Gold advanced after falling the most in a week on Wednesday on speculations that the Federal Reserve will refrain from scaling back its bond purchases until some point in 2014, most likely in March. Softening physical demand from China and expectations that the U.S. Labor Department will report initial jobless claims fell last week limited gains. Silver, platinum and palladium were little changed but remained on positive territory.
On the Comex division of the New York Mercantile Exchange, gold futures for settlement in December rose by 0.19% to $1 336.50 per troy ounce at 7:59 GMT. Prices held in range between days high of $1 341.80, near Tuesdays three week high, and days low of $1 330.40 per ounce. The precious metal fell by 0.5% on Wednesday, the most since October 11, but extended its weekly advance to over 1.5% on Thursday.
Gold remained near 3-1/2 week high levels amid broad expectations that the Federal Reserve will defer paring its quantitative easing program until 2014 as the 16-day partial U.S. government shutdown likely caused serious damage to the fourth quarter economic growth. The U.S. Department of Labor reported on Tuesday that the U.S. economy added 148 000 jobs in September, sharply underperforming a median forecast of 93 economists surveyed by Bloomberg for a 180 000 surge. August’s reading received an upward revision to 193 000 payrolls from initially estimated at 169 000, signalling that the U.S. labor market lost momentum prior to the 16-day government shutdown.
The U.S. unemployment rate, based on a separate Labor Department survey of households, fell by 0.1% to 7.2% in September, beating expectations to remain flat. However, the participation rate, which measures the number of people who are either employed or are actively looking for work, remained the lowest since August 1978 at 63.2%, indicating that the fall in the unemployment rate was based on people who stopped searching for a job.
The U.S. dollar fell to a two-year low against the euro on Thursday, allowing dollar-priced commodities to regain strength. Separately, the U.S. dollar index, which measures the greenbacks performance against six major counterparts, traded at at 79.30 at 8:00 GMT, down 0.06% on the day. The December contract plunged to a session low of 79.14, the weakest level since September 2012, while day’s high stood at 79.35. The U.S. currency gauge added less than 0.1% on Wednesday and extended its weekly decline to 0.5% on Thursday. A weakening of the greenback makes dollar-priced commodities cheaper for foreign currency holders and boosts their appeal as an alternative investment.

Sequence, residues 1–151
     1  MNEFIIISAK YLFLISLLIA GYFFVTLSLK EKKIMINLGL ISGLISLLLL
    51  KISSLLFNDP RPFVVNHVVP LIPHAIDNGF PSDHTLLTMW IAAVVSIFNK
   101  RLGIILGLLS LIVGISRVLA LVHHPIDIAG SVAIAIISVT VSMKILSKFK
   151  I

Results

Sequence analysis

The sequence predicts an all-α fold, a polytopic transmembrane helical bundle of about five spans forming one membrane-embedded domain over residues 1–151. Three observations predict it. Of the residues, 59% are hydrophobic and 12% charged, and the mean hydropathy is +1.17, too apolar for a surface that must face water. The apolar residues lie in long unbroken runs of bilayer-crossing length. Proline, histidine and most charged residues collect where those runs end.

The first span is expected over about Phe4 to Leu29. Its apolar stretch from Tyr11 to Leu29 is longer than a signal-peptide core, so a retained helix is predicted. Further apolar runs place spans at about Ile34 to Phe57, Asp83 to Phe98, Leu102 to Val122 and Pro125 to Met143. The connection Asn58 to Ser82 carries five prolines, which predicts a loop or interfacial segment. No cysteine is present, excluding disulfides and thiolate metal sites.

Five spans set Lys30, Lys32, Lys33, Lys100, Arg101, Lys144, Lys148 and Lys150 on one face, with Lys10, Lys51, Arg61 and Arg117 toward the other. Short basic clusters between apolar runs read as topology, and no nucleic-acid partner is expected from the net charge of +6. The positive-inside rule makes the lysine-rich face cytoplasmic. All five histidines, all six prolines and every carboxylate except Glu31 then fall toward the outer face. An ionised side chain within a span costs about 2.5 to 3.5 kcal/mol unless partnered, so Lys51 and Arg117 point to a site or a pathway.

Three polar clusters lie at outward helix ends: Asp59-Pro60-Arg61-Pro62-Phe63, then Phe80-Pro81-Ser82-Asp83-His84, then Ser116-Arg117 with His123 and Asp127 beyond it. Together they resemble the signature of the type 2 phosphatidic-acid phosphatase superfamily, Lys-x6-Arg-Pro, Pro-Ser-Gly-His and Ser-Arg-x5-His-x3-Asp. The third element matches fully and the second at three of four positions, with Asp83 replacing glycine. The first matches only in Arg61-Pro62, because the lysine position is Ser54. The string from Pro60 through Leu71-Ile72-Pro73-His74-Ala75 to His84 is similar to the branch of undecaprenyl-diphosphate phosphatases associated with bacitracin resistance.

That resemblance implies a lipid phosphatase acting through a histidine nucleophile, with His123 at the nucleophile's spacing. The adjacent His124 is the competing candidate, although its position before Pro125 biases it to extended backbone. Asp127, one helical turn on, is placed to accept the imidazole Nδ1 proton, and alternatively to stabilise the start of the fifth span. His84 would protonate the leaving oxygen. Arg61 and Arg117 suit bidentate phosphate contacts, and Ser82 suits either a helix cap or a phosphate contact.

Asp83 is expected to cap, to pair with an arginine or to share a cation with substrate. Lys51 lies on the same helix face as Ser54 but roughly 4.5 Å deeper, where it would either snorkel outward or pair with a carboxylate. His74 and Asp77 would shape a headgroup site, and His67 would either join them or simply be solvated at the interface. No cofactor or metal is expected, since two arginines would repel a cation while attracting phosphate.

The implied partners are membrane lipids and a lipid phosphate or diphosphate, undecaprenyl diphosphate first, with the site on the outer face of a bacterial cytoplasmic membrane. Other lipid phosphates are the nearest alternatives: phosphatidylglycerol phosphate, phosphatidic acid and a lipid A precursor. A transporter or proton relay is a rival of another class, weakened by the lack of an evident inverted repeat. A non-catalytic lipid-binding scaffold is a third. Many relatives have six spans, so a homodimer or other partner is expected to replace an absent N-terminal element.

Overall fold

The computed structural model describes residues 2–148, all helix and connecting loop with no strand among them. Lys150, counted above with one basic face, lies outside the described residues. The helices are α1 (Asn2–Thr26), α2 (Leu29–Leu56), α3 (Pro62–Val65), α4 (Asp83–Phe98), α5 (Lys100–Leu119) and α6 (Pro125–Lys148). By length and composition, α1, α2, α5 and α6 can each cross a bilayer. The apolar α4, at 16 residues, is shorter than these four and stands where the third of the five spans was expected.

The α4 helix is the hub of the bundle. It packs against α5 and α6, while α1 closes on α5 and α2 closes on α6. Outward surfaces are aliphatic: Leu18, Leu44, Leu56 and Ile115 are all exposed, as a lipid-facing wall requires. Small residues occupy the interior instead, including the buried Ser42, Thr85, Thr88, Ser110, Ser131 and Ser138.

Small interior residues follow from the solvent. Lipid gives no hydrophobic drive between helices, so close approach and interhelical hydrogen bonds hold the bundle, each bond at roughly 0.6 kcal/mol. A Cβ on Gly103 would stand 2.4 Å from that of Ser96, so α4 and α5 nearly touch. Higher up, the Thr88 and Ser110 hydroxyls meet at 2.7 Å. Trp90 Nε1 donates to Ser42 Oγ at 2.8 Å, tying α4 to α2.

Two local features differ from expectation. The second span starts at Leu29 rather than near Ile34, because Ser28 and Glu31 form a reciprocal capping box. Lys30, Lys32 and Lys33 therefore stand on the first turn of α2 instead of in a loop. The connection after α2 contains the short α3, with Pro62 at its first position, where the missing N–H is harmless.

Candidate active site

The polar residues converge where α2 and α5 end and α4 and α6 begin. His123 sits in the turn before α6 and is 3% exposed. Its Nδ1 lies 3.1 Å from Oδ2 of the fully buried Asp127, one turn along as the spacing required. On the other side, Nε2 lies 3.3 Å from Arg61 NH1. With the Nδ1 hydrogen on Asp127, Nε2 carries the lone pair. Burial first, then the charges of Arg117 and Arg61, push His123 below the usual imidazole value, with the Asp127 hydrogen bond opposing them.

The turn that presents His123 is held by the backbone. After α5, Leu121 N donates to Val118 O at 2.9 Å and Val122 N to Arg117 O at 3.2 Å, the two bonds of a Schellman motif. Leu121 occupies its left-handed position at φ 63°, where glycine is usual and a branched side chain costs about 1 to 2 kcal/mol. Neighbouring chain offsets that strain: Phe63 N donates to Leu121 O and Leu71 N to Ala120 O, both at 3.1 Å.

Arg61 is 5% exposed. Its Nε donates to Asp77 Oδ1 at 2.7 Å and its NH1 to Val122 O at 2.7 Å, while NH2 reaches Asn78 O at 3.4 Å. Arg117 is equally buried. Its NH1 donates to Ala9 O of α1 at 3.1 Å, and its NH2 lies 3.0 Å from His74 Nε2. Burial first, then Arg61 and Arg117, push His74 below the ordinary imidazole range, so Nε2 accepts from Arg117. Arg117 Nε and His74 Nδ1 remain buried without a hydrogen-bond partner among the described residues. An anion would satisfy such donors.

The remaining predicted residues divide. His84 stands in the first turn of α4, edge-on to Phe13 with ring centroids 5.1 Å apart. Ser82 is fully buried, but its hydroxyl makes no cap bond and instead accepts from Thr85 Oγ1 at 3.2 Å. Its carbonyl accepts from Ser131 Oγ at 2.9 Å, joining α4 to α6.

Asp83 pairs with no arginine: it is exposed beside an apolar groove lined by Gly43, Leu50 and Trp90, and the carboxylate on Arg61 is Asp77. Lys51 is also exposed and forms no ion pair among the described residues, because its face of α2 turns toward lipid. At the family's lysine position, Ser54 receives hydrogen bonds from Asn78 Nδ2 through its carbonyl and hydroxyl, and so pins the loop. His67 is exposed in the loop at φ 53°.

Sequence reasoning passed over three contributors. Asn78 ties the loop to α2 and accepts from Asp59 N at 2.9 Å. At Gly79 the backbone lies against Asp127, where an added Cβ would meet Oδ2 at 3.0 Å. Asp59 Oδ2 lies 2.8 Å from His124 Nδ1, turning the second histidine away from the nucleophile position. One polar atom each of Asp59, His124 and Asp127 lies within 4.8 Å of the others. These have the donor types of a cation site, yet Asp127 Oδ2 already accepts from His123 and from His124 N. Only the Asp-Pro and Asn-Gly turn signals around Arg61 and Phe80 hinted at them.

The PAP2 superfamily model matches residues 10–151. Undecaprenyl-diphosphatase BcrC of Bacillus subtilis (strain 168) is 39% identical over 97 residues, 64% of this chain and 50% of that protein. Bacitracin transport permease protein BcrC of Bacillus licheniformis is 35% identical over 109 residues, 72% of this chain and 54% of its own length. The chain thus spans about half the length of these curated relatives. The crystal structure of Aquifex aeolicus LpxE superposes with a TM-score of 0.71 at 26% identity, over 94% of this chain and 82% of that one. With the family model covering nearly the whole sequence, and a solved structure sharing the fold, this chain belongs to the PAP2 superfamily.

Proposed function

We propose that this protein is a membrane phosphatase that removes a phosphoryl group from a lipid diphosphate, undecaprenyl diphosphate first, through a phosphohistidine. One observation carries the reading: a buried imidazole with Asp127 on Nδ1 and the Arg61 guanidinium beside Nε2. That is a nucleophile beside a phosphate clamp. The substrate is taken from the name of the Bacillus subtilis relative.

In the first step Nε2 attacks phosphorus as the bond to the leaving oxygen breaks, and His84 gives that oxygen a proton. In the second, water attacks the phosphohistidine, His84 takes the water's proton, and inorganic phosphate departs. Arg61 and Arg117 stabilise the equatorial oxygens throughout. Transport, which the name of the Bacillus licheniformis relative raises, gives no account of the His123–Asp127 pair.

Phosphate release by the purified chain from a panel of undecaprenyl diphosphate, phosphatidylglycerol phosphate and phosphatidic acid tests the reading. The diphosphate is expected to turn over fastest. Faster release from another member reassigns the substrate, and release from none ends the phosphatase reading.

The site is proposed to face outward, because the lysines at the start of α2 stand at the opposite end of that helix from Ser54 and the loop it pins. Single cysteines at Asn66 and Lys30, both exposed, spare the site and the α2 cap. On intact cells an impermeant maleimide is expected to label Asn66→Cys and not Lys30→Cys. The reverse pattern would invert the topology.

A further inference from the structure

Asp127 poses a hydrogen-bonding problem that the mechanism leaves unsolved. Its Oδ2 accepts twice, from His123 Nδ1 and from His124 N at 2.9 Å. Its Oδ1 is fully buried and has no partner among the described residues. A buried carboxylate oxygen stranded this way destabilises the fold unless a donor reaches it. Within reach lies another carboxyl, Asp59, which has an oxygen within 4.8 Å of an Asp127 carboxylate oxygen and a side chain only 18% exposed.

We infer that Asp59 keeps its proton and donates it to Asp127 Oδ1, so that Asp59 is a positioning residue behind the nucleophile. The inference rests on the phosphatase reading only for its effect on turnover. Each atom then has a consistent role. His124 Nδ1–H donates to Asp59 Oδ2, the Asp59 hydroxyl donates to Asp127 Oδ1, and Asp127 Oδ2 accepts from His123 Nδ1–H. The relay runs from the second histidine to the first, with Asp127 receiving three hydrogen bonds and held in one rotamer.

A report by the U.S. Department of Labor today is expected to show that number of people who filed for initial jobless benefits in the week ended October 19 fell to 340 000 from 358 000 in the preceding period.
Alexandra Knight, an economist at National Australia Bank Ltd., said for Bloomberg: “We had poor U.S. payrolls data that gave more confidence that tapering would be delayed. If today’s jobless data came out positively, then you could have a reverse of what we’ve seen over recent days. People might be thinking tapering is now more likely to happen sooner rather than later.”
According to a Bloomberg survey of 40 analysts conducted on October 17-18, the Fed will begin decelerating its monetary stimulus in March. The yellow metal has been tracking shifting expectations for a reduction in Fed’s bond purchases throughout the year and has lost 20% so far in 2013.
Assets in the SPDR Gold Trust, the biggest bullion-backed ETF remained unchanged at 878.32 tons on Wednesday after rising by 6.6 tons on Tuesday, the first increase in holdings since September 19.
Golds gains however were limited on disappointing physical demand in China, the worlds second-biggest consumer. Investors remained wary on speculations for monetary tightening after China’s money-market interest rates rose to the highest in three months on Wednesday. The People’s Bank of China refrained from injecting cash for a second day on concern that ample credit could fuel inflation after the National Bureau of Statistics reported that home prices in four major cities rose to the highest since January 2011, while consumer inflation gained at the fastest pace since February.
Bart Melek, the head of commodity strategy at TD Securities in Toronto, said for Bloomberg yesterday: “Physical demand for gold in China may not be as strong as it was, and the rise in rates there boosts funding costs for precious metals. People are realizing too that the decline in the dollar recently may have been overdone. We’re not seeing new longs coming into the gold market.”
Elsewhere on the precious metals market, silver December futures rose by 0.34% to $22.693 per troy ounce at 7:57 GMT and held in range between days high and low of $22.788 and $22.510. Platinum for delivery in January traded at $1 441.90 an ounce, up 0.16% on the day, and shifted in a days range between $1 446.45 and $1 432.20. Palladium futures for December settlement were little changed at $747.10, up 0.13%. Prices rose to session high of $749.80, while days low stood at $743.60 per ounce.